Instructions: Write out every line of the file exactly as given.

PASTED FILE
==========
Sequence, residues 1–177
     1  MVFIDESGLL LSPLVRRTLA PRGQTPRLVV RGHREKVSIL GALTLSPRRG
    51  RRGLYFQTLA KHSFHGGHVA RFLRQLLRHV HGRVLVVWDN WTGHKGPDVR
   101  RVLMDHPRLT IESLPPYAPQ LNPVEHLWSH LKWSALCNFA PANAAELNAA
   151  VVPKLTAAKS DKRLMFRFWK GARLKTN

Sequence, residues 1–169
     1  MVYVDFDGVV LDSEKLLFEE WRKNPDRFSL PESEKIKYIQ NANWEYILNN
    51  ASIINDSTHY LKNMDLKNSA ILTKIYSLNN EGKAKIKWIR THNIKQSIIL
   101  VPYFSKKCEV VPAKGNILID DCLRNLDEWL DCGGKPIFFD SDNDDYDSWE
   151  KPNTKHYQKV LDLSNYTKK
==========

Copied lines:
Sequence, residues 1–177
     1  MVFIDESGLL LSPLVRRTLA PRGQTPRLVV RGHREKVSIL GALTLSPRRG
    51  RRGLYFQTLA KHSFHGGHVA RFLRQLLRHV HGRVLVVWDN WTGHKGPDVR
   101  RVLMDHPRLT IESLPPYAPQ LNPVEHLWSH LKWSALCNFA PANAAELNAA
   151  VVPKLTAAKS DKRLMFRFWK GARLKTN

Sequence, residues 1–169
     1  MVYVDFDGVV LDSEKLLFEE WRKNPDRFSL PESEKIKYIQ NANWEYILNN
    51  ASIINDSTHY LKNMDLKNSA ILTKIYSLNN EGKAKIKWIR THNIKQSIIL
   101  VPYFSKKCEV VPAKGNILID DCLRNLDEWL DCGGKPIFFD SDNDDYDSWE
   151  KPNTKHYQKV LDLSNYTKK